The gravity of the Red invasion of South Korea brought President Truman flying home last night from his summer White House at Independence, Mo. The president held immediate and secret talks with Acheson, Johnson and 11 other top-flight officials.
Truman, who has been talking lately of improved chances for peace, told reporters the Communist attack "could be a dangerous situation, but I hope it is not."
The first meeting at Blair House lasted for three hours but no word was disclosed on the outcome. A general report was expected late today on the second conference.
Informed quarters said, however, that Gen. Douglas MacArthur had been ordered to comb his Far Eastern defense supplies for anti-tank and artillery guns that could be flown to South Korea forthwith.
Ammunition shipments by air from Tokyo began yesterday as a first measure of aid. It was sent on orders from Washington in response to South Korea's "urgent" plea for aid.
Some congressmen voiced demands that fighter planes be sent to the anti-Communists to equalize air superiority held by the Communists.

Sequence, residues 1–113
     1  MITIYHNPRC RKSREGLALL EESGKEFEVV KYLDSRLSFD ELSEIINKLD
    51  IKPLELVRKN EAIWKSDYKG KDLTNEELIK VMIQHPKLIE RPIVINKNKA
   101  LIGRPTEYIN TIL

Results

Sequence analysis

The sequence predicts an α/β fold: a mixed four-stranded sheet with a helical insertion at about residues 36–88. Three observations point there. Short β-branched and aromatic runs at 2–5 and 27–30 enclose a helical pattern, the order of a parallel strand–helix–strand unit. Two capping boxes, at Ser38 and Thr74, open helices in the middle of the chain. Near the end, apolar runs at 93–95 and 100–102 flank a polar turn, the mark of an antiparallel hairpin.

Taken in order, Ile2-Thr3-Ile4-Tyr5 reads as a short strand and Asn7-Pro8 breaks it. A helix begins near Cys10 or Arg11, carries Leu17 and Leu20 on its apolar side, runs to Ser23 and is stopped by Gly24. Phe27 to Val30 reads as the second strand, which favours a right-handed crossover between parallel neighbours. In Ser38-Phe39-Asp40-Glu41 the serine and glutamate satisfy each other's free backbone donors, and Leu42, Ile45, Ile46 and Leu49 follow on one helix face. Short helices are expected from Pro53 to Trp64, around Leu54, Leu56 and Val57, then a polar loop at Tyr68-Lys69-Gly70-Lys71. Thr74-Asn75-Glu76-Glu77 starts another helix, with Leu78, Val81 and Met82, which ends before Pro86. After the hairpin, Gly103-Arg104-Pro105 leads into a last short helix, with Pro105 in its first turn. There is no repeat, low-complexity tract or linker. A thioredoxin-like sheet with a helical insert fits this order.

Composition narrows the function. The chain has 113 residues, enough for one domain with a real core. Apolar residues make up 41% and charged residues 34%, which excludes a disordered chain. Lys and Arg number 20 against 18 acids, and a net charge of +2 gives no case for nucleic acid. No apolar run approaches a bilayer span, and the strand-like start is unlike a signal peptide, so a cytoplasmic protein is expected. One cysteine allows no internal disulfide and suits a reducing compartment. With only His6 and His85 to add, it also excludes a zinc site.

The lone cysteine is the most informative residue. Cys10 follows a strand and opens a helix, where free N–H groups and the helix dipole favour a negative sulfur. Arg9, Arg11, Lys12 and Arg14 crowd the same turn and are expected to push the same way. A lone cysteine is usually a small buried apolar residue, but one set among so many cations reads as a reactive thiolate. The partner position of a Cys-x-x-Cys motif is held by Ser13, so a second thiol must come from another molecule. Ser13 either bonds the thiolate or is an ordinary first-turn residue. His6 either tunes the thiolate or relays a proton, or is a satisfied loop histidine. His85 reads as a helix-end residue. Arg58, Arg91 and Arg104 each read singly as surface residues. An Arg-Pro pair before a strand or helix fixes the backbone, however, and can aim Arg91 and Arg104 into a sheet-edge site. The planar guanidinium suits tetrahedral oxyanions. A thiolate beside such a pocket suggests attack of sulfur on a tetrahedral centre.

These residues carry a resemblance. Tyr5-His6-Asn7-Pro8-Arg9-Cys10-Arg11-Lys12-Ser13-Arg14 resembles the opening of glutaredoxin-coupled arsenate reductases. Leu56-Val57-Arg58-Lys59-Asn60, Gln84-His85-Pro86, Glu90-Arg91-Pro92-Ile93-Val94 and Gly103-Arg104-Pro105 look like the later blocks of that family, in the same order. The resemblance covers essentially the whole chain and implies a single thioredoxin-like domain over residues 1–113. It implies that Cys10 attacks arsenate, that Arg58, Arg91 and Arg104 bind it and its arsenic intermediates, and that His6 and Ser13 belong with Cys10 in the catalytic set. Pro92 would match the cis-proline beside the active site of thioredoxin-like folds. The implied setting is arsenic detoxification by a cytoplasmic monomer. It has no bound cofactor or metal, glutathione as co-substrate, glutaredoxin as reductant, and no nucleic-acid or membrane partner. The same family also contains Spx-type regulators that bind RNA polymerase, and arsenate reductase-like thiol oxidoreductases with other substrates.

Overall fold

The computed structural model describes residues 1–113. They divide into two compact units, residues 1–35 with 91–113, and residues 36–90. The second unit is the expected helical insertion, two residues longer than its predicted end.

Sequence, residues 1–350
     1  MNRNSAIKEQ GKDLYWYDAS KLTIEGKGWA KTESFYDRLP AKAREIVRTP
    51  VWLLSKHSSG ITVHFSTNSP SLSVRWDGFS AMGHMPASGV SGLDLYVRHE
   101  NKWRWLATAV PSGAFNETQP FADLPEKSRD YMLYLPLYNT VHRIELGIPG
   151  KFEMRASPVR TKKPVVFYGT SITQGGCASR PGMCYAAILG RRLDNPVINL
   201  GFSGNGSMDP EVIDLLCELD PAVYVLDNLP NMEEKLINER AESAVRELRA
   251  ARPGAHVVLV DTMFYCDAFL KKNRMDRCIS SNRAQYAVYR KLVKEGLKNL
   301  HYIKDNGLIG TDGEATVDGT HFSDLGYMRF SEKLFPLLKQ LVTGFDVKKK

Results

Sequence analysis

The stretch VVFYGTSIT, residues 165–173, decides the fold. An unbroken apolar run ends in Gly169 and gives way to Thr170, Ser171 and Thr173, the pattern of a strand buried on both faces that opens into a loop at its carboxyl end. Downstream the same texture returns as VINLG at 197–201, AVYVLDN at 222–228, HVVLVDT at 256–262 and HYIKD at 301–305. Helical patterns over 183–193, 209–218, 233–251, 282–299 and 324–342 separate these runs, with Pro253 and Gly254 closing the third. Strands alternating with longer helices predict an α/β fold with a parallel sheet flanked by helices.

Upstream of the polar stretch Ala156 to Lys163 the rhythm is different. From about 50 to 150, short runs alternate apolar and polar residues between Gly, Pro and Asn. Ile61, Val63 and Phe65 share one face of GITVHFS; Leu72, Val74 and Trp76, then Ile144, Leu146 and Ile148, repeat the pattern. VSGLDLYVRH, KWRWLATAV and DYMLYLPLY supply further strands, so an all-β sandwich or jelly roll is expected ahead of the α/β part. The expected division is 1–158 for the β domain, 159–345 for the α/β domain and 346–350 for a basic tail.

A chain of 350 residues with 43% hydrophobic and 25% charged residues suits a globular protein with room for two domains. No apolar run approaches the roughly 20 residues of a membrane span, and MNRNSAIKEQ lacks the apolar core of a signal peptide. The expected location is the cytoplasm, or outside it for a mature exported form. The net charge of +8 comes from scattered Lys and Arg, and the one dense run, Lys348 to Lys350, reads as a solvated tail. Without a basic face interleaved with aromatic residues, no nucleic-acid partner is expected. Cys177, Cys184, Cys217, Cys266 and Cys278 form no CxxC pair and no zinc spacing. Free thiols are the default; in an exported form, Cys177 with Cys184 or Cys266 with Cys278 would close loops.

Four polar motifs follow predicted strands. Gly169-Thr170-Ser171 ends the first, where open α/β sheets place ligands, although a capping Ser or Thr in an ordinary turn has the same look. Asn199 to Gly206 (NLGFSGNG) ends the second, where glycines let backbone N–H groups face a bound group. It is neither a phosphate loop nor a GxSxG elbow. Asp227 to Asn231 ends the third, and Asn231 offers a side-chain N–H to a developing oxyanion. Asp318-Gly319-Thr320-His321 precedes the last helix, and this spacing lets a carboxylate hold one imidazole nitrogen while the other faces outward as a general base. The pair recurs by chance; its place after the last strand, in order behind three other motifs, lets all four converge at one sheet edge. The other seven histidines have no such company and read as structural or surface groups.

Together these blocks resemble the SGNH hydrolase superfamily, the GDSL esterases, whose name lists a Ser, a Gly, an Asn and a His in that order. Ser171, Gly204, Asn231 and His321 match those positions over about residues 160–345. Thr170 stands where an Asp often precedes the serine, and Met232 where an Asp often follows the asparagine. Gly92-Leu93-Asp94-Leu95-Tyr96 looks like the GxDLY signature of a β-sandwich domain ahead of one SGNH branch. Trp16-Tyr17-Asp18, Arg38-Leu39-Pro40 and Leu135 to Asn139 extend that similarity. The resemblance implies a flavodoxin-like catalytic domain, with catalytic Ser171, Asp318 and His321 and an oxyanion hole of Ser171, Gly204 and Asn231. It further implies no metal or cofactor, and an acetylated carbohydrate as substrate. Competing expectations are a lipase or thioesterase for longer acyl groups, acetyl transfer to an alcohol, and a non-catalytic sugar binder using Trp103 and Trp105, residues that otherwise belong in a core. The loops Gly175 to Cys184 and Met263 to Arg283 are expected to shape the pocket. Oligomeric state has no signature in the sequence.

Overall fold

Throughout Washington it was emphasized that the war puts the success or failure of American foreign policies in the Far East squarely on the block. And some experts regarded the issue as being world-wide.
The fate of the wobbly United Nations, which issued a cease fire order yesterday at U.S. insistence, was considered to be at stake. Congress felt that the war puts the UN to its test.
If the Communists win in Korea, Russia admittedly will hold its highest strategic advantage in the cold war. But if they lose, U.S. prestige will rise to its top postwar height. Nations fighting communism in Indo China, Iran, Greece, Turkey and elsewhere would be given valuable new hope if the Red invasion from North Korea can be localized and rolled back.
Because of the high stakes, President Truman was expected to order any measures - short of sending fighting troops - to stop the Communist challenge.
Thus this government's previous refusal to ship arms to Generalissimo Chiang Kai-shek's Chinese Nationalist forces on the island of Formosa is expected to be reopened and perhaps changed in a quick and thorough review of American defense policies in the Far East.
New dollars may have to be sought from Congress and preparations for a new psychological war offensive against Russia and her puppets will be rushed from paper into action.
The atmosphere of tension also is expected to get the North Atlantic Treaty into action more quickly. Congress, too, may act faster on the Administration's bid for $1,222,500,000 military aid program of which South Korea would get over $16,000,000.
American officials said the United States has a clear legal right to send all the arms it can to the embattled South Koreans because their government is regarded by the United Nations as the legal government for Korea.
Russian help to the North Koreans was considered strictly illegal because the United Nations does not recognize the so-called "People's Republic."